by C. Elkins, OK Math and Reading Lady
I have come to realize just how important knowledge of text structures is to almost all of the other comprehension skills and strategies. So that will be my focus for the next few posts — how this text structure connection relates to main idea, summarizing, note-taking, and writing. This post will feature the compare and contrast text structure (and some resources at the end of this post).
What are the text structures? Most sources consider the following 5: (Picture from Mrs. M’s Style. Here’s the link on Pinterest: Text Structure Mini Anchor Chart)
- Compare and Contrast
- Cause / Effect
- Details / Description
- Problem / Solution
When I see reading texts that indicate the week’s skill is text structure, I cringe a little bit. Why? Well, if you are teaching all 5 of them – that’s too much to digest in one week. Here’s what I think is much more practical: Teaching about text structures should occur with each and every reading selection — and refer to the structure that is most evident regarding that selection.
Here’s an example of what the teacher might say: “This week we are reading an article titled Whales and Dolphins. This article will compare and contrast whales with dolphins. Compare and contrast is a text structure in which the author will tell ways the whales and dolphins are alike and different from each other.”
How can I further connect this to comprehension and text structure?
- Venn Diagrams or T-charts are helpful graphic organizers regarding compare/contrast text structure. Student can take notes using the graphic organizer. The idea is that with frequent use, students can eventually visualize this graphic organizer model in their head. Then this visual model serves as a thought organizer when they are not able to physically utilize one.
- I can direct my questions to focus on this text structure such as: “On page 37, can you find one way the author compared whales to dolphins?” “On page 39, the author told 3 ways the whales and dolphins are different. What did he say?”
How can I further connect this to help students with the main idea and/or a summary of a compare/contrast article? Using information from notes on the Venn Diagram, students can use sentence frames like these:
- This article compared _____________ to ______________. (main idea)
- This article compared ___________ to _____________. Whales and dolphins are alike because _____________ and they are different because ___________________. (summary)
by C. Elkins – OK Math and Reading Lady
I have been doing some research about the difference between reading skills and reading strategies. There seems to be a variance of opinions, but basically a reading skill is described as a path to answering certain kinds of questions (cause-effect, compare-contrast, sequence, etc.), while a strategy involves a higher meta-cognitive process which leads to deeper thinking about a text (visualize, question, summarize). Another way to put it is this: When reading, I need a strategy to help me understand when and where to apply the skills I have learned.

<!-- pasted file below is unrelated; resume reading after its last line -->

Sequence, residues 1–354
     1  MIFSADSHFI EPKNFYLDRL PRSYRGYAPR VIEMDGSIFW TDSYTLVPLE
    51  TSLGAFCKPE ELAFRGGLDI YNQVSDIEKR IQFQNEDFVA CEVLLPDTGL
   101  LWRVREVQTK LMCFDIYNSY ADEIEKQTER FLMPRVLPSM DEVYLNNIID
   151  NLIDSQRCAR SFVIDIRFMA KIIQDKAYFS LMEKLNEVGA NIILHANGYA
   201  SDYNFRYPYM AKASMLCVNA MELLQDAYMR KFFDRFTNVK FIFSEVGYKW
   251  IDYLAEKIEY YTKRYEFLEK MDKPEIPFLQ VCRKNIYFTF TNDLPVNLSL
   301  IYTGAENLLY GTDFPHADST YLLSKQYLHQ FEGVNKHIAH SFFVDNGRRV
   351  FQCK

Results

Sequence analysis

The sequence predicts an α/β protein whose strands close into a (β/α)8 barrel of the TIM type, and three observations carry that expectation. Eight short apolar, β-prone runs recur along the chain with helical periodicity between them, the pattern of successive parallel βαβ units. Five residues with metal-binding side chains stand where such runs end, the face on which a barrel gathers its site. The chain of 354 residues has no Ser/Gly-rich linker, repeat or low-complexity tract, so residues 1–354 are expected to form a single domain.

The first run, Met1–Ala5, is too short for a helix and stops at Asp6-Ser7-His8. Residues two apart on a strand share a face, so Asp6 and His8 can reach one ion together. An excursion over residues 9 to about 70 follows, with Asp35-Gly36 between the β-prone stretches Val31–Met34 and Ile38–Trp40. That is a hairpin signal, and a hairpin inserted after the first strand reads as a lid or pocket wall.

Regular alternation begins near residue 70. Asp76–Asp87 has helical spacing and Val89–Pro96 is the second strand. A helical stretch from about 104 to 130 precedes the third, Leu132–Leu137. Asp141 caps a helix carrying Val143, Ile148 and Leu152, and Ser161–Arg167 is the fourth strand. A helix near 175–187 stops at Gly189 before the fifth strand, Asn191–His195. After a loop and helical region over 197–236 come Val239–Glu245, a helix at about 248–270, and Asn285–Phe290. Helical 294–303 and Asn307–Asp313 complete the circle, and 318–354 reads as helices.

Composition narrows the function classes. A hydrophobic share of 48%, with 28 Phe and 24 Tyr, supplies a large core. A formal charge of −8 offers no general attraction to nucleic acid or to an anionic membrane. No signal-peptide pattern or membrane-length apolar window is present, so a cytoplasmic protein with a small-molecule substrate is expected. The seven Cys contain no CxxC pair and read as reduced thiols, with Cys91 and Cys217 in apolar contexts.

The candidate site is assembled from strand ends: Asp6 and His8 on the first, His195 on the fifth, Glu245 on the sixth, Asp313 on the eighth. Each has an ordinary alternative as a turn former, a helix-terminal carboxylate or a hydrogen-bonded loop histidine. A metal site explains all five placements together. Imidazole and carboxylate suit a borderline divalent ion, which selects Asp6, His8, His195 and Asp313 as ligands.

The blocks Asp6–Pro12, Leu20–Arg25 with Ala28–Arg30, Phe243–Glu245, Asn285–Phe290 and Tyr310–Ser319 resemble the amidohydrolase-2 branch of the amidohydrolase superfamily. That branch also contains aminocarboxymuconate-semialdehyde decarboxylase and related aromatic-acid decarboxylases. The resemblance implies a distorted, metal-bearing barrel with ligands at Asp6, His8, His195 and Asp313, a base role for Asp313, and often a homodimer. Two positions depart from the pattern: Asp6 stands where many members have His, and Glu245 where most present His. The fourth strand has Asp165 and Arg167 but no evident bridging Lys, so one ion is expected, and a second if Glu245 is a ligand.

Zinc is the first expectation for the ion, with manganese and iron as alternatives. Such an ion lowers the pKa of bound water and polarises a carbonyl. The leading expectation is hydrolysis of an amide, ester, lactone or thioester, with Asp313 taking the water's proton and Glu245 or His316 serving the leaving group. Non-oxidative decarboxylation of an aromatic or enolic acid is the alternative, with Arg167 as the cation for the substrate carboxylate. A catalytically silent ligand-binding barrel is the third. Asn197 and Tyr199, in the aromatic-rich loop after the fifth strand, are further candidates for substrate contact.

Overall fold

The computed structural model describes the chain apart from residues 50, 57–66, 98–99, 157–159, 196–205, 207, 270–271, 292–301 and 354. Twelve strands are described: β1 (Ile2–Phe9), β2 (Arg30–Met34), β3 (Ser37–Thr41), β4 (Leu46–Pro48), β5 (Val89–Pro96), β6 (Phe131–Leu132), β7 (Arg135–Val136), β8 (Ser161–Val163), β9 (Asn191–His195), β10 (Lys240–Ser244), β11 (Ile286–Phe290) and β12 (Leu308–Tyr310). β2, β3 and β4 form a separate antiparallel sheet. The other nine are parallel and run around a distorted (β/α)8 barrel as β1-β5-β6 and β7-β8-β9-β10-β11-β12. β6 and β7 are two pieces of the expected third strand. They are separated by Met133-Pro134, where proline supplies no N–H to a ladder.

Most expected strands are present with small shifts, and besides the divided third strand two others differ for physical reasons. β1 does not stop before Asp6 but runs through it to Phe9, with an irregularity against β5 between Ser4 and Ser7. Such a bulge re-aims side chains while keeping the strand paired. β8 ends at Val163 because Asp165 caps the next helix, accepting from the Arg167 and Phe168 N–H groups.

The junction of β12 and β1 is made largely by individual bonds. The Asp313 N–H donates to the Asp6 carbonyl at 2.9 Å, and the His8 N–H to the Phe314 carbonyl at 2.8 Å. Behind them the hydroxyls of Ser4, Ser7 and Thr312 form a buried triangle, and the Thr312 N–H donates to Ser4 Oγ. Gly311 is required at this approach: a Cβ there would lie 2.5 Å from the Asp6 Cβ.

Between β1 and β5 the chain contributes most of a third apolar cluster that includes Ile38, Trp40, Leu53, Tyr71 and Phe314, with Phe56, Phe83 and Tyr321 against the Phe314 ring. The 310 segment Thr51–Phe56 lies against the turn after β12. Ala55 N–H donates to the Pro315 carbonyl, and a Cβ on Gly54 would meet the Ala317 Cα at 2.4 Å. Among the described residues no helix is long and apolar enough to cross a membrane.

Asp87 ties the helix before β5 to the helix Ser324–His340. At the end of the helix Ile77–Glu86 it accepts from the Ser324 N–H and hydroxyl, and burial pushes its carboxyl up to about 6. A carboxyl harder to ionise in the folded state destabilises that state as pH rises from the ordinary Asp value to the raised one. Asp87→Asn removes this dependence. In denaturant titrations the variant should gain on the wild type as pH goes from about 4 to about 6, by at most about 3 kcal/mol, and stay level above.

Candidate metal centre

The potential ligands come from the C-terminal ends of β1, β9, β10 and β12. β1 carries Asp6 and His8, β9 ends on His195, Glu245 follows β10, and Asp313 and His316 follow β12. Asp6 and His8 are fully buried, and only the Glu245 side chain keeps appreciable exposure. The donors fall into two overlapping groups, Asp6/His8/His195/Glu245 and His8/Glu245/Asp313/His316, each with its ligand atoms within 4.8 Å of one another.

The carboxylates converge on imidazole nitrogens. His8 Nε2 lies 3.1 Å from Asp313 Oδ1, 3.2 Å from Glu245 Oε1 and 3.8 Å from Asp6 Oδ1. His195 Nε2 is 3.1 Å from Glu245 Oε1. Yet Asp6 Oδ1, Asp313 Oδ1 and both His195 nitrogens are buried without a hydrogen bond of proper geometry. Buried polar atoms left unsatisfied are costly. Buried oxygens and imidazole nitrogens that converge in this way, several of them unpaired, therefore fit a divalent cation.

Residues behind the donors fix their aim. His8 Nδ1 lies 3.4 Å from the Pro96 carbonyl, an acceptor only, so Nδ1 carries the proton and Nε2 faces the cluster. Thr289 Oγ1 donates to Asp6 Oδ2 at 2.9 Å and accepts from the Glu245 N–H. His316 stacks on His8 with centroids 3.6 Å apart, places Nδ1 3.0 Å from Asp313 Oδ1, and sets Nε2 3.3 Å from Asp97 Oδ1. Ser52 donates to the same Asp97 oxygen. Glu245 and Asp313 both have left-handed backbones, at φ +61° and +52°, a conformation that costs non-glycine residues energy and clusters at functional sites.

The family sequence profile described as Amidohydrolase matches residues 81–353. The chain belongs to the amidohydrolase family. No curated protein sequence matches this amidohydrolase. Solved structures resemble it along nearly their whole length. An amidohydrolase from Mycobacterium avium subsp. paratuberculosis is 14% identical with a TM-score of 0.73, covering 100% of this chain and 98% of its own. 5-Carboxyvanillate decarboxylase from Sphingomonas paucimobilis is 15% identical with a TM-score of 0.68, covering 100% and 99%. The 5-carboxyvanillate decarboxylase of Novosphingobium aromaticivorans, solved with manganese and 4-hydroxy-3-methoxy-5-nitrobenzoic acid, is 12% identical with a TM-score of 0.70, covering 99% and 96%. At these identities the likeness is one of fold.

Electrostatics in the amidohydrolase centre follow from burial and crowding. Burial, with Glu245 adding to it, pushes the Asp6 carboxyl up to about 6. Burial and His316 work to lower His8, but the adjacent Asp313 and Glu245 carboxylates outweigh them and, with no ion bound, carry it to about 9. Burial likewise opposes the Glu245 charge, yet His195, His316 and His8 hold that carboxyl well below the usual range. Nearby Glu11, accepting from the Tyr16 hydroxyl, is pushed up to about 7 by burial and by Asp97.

It probably can be illustrated more clearly using mathematics: A skill might be adding two double-digit numbers, while different strategies might be these: using base ten manipulatives, using an open number line, or the partial sums method. Or soccer: A skill would be the dribbling the ball (how to position the foot, how close/far to keep it to the player), while a strategy would be how to keep dribbling while keeping it away from the opposing team.
There are also varying opinions about which reading practices are considered strategies. I like to think of strategies as those that can be applied to any reading text such as: summarize, visualize, question, make connections, predict, infer, author’s purpose & point of view. I need a strategy to help me understand when and where to apply the skills I have learned. Keep reading for more ideas and FREE resources.
Skills seem to be more dependent on the text structure (meaning they only apply to certain texts) such as sequence, compare/contrast, cause/effect, main idea / detail, problem-solution, identify story elements, etc.
- To help me visualize (strategy), I might use skills about character analysis such as paying attention to their words and actions to help me “see” what is really going on. Another example: I might use skills about noting details while reading a passage to make the details “come alive” as I try to picture them in my mind. (See link to strategy posters at the end of this post.)
To help me summarize (strategy) an article, I need to analyze the text structure (skill) and then use that information to help me summarize.
- Is it in sequence? Then my summary will use words such as first, then, next, last.
- Is it comparing and contrasting something? Then my summary will need to use words such as alike or different.
- Is it informational? Then my summary will list facts or details.
- Is it fictional? Then my summary will tell the characters, setting, and events.